Tuesday, 4 June 2013

Bludgeoning myself with poetry

I'm reading one of the earlier books by Sue Miller, and while I like her writing very much, it's not painless.  Every now and then, her characters will make an observation, or have something happen to them that is just a little too close for comfort.

In this book, For Love, the protagonist is waiting for her twenty-something son at the airport and is ruminating over the changes in their relationship now he is grown:  She was, on the whole, glad for this. But she missed the other too.  She missed him, the person he had been and wasn't anymore.  The younger Ryan, the little Ryan -- all the little Ryans -- who might as well have died, really.  Sometimes she dreamed of him as he was at three, or six; and woke with a mixture of gratitude and bottomless sorrow, the same feeling she had when she dreamed of one of the few close friends she'd had who'd died.

Oh ouch. And yet, like a glutton for punishment, I find myself rooting around in my anthology of Phyllis McGinley poems for this one, which has similar (but not quite) sentiments:

Ballade of Lost Objects
Where are the ribbons I tie my hair with?
Where is my lipstick? Where are my hose -
The sheer ones hoarded these weeks to wear with
Frocks the closets do not disclose?
Perfumes, petticoats, sports chapeaus,
The blouse Parisian, the earrings Spanish -
Everything suddenly up and goes.
And where in the world did the children vanish?

This is the house I used to share with
Girls in pinafores, shier than does.
I can recall how they climbed my stairs with
Gales of giggles on their tiptoes.
Last seen wearing both braids and bows
(And looking rather Raggedy-Annish),
When they departed nobody knows -
Where in the world did the children vanish?

Two tall strangers, now I must bear with,
Decked in my personal furbelows,
Raiding the larder, rending the air with
Gossip and terrible radios.
Neither my friends nor quite my foes,
Alien, beautiful, stern and clannish,
Here they dwell, while the wonder grows:
Where in the world did the children vanish?

Prince, I warn you, under the rose,
Time is the thief you cannot banish.
These are my daughters, I suppose.
But where in the world did the children vanish? 

Not that my children borrow my stuff much, since I am, after all, a fashion disaster.  Elder daughter has been known to make off with my pumps from time to time.  But the "neither my friends nor quite my foes", and the "alien, beautiful, stern and clannish" -- yes, I can attest.  And I find myself, from time to time, laid low with a pang of grief, for the little girls who will come no more.

Phyllis McGinley won a Pulitzer Prize for Times Three, the very book of selected verse through which I'm rummaging.  Since she specialized in light and often humourous verse on life in the suburbs, some of her stuff is very dated, and some is timeless.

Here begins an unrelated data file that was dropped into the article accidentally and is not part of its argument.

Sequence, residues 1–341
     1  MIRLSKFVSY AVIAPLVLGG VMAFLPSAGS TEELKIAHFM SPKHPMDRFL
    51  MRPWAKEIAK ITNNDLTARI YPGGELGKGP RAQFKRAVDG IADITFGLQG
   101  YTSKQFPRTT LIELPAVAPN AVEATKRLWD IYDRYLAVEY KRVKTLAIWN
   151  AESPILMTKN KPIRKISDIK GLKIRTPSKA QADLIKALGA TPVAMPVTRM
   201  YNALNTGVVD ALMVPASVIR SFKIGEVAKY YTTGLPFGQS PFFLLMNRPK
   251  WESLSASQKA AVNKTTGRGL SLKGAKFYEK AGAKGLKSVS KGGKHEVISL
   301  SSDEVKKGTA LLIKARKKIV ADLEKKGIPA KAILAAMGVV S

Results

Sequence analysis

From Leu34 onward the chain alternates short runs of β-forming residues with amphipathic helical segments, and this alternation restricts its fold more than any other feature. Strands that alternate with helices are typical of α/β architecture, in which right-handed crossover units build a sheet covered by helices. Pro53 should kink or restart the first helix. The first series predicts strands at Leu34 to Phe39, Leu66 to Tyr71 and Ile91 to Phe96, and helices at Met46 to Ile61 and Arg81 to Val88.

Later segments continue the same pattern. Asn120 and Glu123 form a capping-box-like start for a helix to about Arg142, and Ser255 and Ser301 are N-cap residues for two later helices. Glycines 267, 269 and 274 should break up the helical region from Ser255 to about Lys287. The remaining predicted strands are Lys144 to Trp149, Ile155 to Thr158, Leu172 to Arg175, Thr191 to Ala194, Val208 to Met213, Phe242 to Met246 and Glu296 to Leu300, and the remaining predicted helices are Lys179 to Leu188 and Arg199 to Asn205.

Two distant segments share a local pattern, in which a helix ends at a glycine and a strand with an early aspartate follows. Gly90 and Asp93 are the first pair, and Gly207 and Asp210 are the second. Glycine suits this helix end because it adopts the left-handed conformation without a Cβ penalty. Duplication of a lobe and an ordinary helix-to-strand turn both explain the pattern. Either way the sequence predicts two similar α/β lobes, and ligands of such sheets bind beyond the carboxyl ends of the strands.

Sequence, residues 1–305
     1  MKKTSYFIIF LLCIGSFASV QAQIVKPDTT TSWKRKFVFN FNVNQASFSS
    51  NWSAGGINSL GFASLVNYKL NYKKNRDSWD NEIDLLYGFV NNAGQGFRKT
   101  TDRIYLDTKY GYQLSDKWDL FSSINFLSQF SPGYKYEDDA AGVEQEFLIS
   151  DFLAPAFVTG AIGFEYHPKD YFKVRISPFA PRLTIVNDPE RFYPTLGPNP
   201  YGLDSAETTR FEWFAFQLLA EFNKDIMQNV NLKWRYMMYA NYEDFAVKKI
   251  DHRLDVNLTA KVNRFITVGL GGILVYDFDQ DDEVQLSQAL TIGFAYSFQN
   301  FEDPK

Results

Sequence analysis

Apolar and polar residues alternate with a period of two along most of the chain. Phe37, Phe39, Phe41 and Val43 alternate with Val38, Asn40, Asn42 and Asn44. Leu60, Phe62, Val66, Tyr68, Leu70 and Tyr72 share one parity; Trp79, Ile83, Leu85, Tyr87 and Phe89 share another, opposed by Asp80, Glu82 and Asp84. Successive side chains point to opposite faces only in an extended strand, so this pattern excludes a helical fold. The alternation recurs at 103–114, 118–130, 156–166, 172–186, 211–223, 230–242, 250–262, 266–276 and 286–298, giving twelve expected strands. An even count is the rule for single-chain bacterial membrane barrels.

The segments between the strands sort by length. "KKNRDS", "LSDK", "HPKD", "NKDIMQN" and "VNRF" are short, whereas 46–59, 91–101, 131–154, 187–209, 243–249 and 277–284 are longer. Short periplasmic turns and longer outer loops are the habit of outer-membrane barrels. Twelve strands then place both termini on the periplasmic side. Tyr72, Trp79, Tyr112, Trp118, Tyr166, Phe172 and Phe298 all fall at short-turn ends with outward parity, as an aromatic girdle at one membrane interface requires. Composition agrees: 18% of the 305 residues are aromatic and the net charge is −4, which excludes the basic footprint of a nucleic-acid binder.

Here's one she probably thought would not date, but she could not have foreseen the coming of video games and computers.  My childhood just predates the advent of both, so I do remember the wordless change of activities in the school yard.  One week, it would be Chinese jump-rope, only to change, with no one having actually said anything, to marbles.  These are the last two verses of The Tom-Tom:

If you ask them, they are perplext.
The calendar gives no warning.
One does not tell the next,
Yet they wake and know in the morning
(As a swallow knows the time
For quitting a rainy land), 
When the rope should whirl to the skipping-rhyme
Or the baseball thud in the hand,
Or the multitudinous din
Of the roller skates begin.

It is something the tom-toms say.
You cannot explain it away,
Though reason or judgment reels.
For yesterday was a swimming day
And today is the same as yesterday,
Yet now they are all on wheels.

(When exactly did this stop?  Probably about the same time when the kids stopped passing on skipping rhymes.)

On the other hand, this poem, about l'esprit de l'escalier, has always applied to me and always will:

Melancholy Reflections After a Lost Argument
I always pay the verbal score
With wit, concise, selective.
I have an apt and ample store
Of ladylike invective.

My mots, retorts, and quips of speech,
Hilarious or solemn,
Placed end to end, no doubt, would reach
To any gossip column.

But what avails the epigram,
The clever and the clear shot,
Invented chiefly when I am
The only one in earshot?

And where's the good of repartee 
To quell a hostile laughter,
That tardily occurs to me
A half an hour after?

God rest you merry, gentlemen,
Who nastily have caught
The art of always striking when
The irony is hot.

So there. But here's the wistful, short, and bittersweet observation she left about the relationship between mother and child (especially mothers and their not-so-supposed daughters).  I have it committed to memory and frequently bludgeon myself with it:

The Adversary
A mother's hardest to forgive.
Life is the fruit she longs to hand you,
Ripe on a plate. And while you live,
Relentlessly she understands you.

Oh, ouch.  The Resident Fan Boy and I had a Susan McGinley poem read at our wedding.  But since it was a June wedding, I'll save it for later in the month.  I may need the post.

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